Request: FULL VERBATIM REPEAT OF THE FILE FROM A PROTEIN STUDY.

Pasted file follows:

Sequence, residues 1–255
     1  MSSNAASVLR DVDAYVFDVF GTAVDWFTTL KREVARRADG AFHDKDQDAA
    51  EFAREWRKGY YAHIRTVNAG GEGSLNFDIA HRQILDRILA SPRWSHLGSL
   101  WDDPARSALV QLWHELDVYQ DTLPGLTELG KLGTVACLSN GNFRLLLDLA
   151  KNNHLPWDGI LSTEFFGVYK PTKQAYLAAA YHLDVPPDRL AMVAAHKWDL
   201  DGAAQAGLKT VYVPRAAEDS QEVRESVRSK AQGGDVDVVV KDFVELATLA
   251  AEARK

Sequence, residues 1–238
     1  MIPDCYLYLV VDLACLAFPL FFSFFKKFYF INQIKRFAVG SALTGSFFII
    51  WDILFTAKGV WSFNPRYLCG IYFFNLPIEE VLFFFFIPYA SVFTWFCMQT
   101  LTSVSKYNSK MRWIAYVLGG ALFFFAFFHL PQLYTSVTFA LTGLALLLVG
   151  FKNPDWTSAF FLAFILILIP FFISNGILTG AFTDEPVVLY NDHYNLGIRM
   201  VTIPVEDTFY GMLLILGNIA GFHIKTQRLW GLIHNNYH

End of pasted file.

Sequence, residues 1–255
     1  MSSNAASVLR DVDAYVFDVF GTAVDWFTTL KREVARRADG AFHDKDQDAA
    51  EFAREWRKGY YAHIRTVNAG GEGSLNFDIA HRQILDRILA SPRWSHLGSL
   101  WDDPARSALV QLWHELDVYQ DTLPGLTELG KLGTVACLSN GNFRLLLDLA
   151  KNNHLPWDGI LSTEFFGVYK PTKQAYLAAA YHLDVPPDRL AMVAAHKWDL
   201  DGAAQAGLKT VYVPRAAEDS QEVRESVRSK AQGGDVDVVV KDFVELATLA
   251  AEARK

Sequence, residues 1–238
     1  MIPDCYLYLV VDLACLAFPL FFSFFKKFYF INQIKRFAVG SALTGSFFII
    51  WDILFTAKGV WSFNPRYLCG IYFFNLPIEE VLFFFFIPYA SVFTWFCMQT
   101  LTSVSKYNSK MRWIAYVLGG ALFFFAFFHL PQLYTSVTFA LTGLALLLVG
   151  FKNPDWTSAF FLAFILILIP FFISNGILTG AFTDEPVVLY NDHYNLGIRM
   201  VTIPVEDTFY GMLLILGNIA GFHIKTQRLW GLIHNNYH